Sexualization is the pernicious application of sexuality or sexual perceptions to an individual or class.

The American Psychological Association (APA) defines sexualization as occurring under one or more of these four conditions:

Sexualization of children

Some cultural critics have postulated that over recent decades children have evidenced a level of sexual knowledge or sexual behaviour inappropriate for their age group. A number of different causes are cited, including media portrayals of sex and related issues, especially in media aimed at children; marketing of products with sexual connotations to children (for example the Bratz Baby dolls that wear thongs); lack of parental oversight and discipline; access to adult culture via the internet; and lack of comprehensive school sex education programs (APA, 2007; Lamb, 2006). For girls and young women in particular, studies have found sexualization to have harmful effects on their "self-image and healthy development".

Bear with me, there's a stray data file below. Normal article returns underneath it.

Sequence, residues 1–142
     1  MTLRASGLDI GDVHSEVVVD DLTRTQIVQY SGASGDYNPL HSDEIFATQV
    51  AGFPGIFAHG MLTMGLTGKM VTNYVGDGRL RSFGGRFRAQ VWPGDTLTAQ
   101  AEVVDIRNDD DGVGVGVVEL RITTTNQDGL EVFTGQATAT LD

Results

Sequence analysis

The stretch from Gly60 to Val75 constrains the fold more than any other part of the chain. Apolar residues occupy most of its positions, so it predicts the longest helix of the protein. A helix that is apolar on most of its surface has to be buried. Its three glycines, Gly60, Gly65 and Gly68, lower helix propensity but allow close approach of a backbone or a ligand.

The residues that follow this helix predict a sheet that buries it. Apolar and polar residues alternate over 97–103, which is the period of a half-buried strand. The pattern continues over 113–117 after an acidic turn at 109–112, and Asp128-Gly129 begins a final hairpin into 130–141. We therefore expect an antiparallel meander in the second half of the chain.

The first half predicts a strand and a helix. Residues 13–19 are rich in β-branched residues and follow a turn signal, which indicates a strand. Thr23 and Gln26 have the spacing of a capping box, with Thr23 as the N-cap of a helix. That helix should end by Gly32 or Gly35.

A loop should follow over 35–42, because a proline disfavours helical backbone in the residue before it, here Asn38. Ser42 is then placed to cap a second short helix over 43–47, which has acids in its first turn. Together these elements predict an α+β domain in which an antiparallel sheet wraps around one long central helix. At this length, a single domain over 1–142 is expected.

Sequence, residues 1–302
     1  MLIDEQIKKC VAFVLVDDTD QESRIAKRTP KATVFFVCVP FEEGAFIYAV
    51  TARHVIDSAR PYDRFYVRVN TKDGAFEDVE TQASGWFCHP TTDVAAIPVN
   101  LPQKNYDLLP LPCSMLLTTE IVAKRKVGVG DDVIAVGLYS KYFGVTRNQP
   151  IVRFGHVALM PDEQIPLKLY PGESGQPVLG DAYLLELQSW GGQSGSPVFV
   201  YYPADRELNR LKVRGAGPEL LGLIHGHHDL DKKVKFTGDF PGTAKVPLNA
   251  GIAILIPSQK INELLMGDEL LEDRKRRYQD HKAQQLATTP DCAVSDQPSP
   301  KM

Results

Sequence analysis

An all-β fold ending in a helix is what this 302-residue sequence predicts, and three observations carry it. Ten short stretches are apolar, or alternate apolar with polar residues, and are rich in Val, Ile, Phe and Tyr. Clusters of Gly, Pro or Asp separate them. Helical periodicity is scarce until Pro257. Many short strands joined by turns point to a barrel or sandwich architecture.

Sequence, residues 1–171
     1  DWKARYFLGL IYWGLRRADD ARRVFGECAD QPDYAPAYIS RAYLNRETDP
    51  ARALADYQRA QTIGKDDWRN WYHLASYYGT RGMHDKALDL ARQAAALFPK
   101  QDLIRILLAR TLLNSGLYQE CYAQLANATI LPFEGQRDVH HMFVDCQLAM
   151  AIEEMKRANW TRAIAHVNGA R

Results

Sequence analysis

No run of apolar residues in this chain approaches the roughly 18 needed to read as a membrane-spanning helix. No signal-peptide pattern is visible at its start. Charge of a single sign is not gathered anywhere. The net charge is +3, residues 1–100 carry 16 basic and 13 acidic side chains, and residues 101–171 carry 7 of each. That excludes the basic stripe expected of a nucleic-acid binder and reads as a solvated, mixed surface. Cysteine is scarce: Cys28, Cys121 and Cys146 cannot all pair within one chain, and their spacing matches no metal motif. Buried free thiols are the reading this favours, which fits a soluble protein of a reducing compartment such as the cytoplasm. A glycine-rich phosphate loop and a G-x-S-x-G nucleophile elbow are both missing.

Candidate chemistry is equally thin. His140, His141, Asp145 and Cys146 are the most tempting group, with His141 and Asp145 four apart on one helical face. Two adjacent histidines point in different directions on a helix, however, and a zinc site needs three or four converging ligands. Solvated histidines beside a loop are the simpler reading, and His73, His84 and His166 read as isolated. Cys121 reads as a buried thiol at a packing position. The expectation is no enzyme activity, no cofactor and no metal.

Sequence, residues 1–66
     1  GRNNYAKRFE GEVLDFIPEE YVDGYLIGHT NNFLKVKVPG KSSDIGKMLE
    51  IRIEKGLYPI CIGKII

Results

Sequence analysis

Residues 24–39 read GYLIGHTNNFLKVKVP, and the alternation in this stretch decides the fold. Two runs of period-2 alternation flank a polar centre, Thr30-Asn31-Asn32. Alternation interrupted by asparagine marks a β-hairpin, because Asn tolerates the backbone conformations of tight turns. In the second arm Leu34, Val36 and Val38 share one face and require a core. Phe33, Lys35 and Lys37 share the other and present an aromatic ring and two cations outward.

Cognitive and Emotional Consequences

Sexualization and objectification undermine a person's confidence in and comfort with her own body, leading to emotional and self-image problems, such as shame and anxiety.

Mental and Physical Health

Research links sexualization with three of the most common mental health problems diagnosed in girls and women-eating disorders, low self-esteem, and depression or depressed mood.

Sexual Development

Research suggests that the sexualization of girls has negative consequences on girls' ability to develop a healthy sexual self-image.

See also

Further reading

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